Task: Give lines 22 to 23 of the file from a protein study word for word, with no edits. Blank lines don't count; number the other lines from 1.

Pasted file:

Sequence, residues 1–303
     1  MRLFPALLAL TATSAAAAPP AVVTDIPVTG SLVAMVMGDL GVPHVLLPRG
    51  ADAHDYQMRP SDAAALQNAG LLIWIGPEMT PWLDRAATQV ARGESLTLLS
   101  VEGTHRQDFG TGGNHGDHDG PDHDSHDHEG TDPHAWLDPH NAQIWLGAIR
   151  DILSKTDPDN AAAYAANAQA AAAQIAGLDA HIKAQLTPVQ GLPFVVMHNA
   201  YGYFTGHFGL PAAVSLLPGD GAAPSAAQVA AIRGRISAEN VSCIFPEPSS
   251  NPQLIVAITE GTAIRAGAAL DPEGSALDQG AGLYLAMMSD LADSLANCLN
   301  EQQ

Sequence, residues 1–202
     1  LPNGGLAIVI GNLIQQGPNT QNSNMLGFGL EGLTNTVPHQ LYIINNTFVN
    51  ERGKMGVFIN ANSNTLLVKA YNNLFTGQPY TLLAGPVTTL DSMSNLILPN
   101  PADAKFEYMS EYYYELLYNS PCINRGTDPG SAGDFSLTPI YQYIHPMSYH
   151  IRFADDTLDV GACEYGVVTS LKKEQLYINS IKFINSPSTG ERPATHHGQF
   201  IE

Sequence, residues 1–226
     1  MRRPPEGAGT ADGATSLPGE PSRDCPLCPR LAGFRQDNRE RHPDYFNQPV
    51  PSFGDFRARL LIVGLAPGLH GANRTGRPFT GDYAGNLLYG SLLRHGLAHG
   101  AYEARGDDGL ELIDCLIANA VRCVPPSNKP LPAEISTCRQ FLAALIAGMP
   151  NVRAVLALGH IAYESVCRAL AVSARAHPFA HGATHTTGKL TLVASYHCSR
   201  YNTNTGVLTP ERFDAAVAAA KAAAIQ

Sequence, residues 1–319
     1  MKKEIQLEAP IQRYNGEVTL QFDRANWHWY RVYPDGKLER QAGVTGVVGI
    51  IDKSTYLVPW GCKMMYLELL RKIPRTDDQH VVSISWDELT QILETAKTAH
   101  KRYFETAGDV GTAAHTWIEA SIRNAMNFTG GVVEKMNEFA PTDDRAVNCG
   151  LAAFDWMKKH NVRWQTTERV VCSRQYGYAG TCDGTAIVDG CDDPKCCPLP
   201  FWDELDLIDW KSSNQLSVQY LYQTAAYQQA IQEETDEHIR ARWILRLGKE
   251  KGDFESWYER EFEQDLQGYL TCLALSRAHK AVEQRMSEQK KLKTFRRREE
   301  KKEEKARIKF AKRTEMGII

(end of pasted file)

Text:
     1  MKKEIQLEAP IQRYNGEVTL QFDRANWHWY RVYPDGKLER QAGVTGVVGI
    51  IDKSTYLVPW GCKMMYLELL RKIPRTDDQH VVSISWDELT QILETAKTAH